This is a typical example of what had happened in Spring and Autumn and the Warring States (春秋戰國時代) in China, the former one was from 722 to 481 BC and the latter one was from 403 to 221 BC. The Chinese have been practicing this since then and have not stopped. They applied to warfare by then but it is now applying to the modern world and for the business they have been successful as well.
We can use this as the case study for what happened with Uber and its archenemy Didi, and both are car-hailing companies. The two rivals have poured billion of dollars into subsidies for their passengers and their drivers for the market share in China. Both raised money to fund the battle and Didi raised more than $7 billion in debt and equity and a month later $1 billion from Apple. Uber raised $3.5 billion from Saudi Arabia’s sovereign wealth at the same time and issued $1.15 billion in high-yield debt.
Uber’s strategy in China has relied on the heavy subsidy for the rides. Uber was losing more than $1 billion a year in this practice. Then both were under the pressure from their financial backers to do something to reduce the loss.
This was not new to Didi in making the deal with the competition and In February 2015 announced a $6 billion deal consolidated with Kuaidi Dache to form Didi Chuxing.
Uber has the presence in China in 60 cities and is doing 40 million rides per week, whilst Didi is in 400 cities and has 100 million rides per week.
Uber has agreed to sell its Chinese operations to rival Didi Chuxing. This deal marks the latest retreat by a US technology company from a market where most of the western Internet companies had “failed to crack the code” as acknowledged by Travis Kalanick, who is the Chief Executive of Uber.
Others like Google shut its China search engine in 2010 over censorship concerns and Facebook and Twitter are both blocked from the country.
With the deal Uber will receive a 5.89% direct stake in Didi including a share of the future profit equivalent to 17.7%. Didi will also invest $1 billion in an equity stake in Uber.
The battle had been going on for two years and collectively the two companies raised $25 billion between them. In this business the company with the most drivers and passengers win the battle. They came to realize the subsidies are unsustainable. Uber’s competitor in the US, Lyft who is a smaller competitor of Uber may follow by cutting the fare and Ola from India who is already locked in a heavily subsidized fight with Uber India.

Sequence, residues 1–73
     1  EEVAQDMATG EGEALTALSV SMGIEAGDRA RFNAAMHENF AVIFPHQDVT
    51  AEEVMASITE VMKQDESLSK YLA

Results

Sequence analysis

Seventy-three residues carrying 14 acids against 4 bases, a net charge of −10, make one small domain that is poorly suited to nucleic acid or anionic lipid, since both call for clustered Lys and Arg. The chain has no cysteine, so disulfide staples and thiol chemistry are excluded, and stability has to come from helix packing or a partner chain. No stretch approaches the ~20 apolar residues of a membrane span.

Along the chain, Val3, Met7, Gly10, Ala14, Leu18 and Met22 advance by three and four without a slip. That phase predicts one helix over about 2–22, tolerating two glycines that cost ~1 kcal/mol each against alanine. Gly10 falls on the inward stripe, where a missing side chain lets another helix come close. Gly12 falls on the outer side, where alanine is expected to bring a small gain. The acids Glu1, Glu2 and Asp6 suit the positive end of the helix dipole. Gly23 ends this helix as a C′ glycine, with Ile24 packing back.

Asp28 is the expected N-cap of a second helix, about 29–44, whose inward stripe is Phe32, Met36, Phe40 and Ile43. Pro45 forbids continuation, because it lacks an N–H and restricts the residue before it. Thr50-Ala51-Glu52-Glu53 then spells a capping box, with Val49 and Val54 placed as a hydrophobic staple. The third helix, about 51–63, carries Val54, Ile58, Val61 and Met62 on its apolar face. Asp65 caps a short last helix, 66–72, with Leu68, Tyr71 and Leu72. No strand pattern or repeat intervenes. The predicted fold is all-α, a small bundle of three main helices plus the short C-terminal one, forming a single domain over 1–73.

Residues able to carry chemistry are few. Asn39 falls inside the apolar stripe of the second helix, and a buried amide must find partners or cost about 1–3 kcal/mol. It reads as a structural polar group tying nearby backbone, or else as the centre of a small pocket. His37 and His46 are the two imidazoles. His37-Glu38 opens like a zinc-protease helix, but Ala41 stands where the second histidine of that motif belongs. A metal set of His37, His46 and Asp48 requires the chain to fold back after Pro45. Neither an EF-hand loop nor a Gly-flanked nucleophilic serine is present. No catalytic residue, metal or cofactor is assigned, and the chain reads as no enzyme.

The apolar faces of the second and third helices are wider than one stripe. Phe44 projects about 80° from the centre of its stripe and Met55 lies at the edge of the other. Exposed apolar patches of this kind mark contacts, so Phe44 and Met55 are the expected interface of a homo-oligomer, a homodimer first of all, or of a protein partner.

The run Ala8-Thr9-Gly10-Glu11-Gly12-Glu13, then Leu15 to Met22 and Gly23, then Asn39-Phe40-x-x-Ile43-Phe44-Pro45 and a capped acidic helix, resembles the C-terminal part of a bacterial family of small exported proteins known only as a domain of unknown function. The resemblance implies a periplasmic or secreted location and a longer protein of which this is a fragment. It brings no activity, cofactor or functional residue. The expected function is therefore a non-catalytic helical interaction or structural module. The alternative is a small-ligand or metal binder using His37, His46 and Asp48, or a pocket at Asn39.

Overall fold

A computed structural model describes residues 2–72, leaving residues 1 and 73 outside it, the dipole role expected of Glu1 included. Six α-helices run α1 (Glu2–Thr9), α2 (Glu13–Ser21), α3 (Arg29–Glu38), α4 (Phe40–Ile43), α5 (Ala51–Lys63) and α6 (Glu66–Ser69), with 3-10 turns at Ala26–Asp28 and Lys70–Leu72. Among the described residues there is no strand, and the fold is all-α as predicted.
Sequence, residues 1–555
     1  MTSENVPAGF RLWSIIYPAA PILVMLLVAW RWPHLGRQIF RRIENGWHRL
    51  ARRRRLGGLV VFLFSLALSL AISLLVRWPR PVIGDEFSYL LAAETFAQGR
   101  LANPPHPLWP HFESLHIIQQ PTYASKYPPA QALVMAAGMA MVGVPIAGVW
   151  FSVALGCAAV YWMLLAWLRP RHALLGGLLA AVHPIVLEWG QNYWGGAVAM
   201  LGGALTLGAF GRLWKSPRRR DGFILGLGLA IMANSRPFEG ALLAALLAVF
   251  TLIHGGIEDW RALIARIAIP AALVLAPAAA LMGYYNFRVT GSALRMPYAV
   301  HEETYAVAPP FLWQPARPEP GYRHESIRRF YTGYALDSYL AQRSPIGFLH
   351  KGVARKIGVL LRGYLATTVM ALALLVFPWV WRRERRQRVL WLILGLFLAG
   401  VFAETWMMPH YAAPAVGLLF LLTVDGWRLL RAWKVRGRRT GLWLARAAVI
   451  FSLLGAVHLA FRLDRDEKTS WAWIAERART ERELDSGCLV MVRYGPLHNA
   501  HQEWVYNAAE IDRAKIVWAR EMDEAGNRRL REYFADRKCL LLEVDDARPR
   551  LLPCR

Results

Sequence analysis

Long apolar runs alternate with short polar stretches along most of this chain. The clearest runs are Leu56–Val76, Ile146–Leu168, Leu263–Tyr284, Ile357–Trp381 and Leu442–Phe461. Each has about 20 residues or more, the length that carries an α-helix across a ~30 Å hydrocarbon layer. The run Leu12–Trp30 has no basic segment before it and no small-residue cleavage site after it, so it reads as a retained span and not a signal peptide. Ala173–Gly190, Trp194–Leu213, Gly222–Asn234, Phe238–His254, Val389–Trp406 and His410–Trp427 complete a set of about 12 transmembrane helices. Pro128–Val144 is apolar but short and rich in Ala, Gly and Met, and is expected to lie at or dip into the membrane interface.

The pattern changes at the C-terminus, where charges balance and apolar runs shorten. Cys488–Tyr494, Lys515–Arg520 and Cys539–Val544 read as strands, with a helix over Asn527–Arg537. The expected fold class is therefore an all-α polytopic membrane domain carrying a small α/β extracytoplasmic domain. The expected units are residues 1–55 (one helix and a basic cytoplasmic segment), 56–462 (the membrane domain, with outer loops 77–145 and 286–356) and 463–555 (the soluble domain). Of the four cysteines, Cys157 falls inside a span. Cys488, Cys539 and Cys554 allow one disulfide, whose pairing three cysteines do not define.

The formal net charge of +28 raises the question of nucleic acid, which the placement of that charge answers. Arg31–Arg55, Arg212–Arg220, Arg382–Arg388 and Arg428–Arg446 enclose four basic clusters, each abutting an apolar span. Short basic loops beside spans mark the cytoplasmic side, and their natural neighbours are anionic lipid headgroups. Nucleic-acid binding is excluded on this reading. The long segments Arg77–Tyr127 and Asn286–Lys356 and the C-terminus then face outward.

The agreement not only effect a financial transaction but also a strategic alliance and both companies are taking seats on each other’s boards. Didi also took a stake in Uber’s competitor, Lyft last year would have created an awkard situation.
Uber has earned a reputation for its hard-scrapping business style, operating independently and aggressively as it is entering into a new market. It could be a delicate situation if Didi is deciding to expand outside China, which currently is its only market.
Uber has freed up its resource and will focus on new technology investments such as the driverless cars.
Uber may say that after the attempt to conquer the China market, Uber succeed to walk away with much less than first hoped for and win also a graceful exit from a battle in China.
Not only Google, Facebook and Twitter have fallen foul of Chinese censors and been blocked, eBay and Yahoo were also defected. We saw Apple ran into a series of setbacks this year and China is no longer their second largest market.
The exit of Uber could probably be the best exit from China than any US company has gotten. Didi’s president Jean Lau said that, “Uber has done better than any Silicon Valley company in China,” when she was announcing the deal. She continued to say that, “We raged an earth-shaking war and when we join hands, our love will last till the end of time.”
This was what we read from the newspaper on Tuesday, 2 August but on Wednesday, 3 August we read that before the deal Didi had been playing the key role and investments in a global anti-Uber coalition with Lyft in the US, Ola in India and Grab in Southeast Asia. Now with the deal with Uber they have all to see how the partnership relationship will happen.
The story goes on …….
Acknowledgment: FT Tuesday, 2 August and Wednesday, 3 August 2016